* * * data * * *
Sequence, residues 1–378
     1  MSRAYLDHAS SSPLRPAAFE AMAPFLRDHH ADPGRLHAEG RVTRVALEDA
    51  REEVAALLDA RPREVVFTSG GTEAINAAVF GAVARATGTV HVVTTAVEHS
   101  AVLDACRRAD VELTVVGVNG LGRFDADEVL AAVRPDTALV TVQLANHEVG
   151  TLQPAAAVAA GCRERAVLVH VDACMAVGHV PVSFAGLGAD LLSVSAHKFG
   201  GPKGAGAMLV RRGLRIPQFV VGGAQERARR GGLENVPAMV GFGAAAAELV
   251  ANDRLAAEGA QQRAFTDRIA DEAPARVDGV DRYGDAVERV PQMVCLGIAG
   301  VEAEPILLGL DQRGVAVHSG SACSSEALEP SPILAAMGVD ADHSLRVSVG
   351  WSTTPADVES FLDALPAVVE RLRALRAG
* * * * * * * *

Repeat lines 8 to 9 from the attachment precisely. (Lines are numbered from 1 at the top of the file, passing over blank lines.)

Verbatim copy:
   301  VEAEPILLGL DQRGVAVHSG SACSSEALEP SPILAAMGVD ADHSLRVSVG
   351  WSTTPADVES FLDALPAVVE RLRALRAG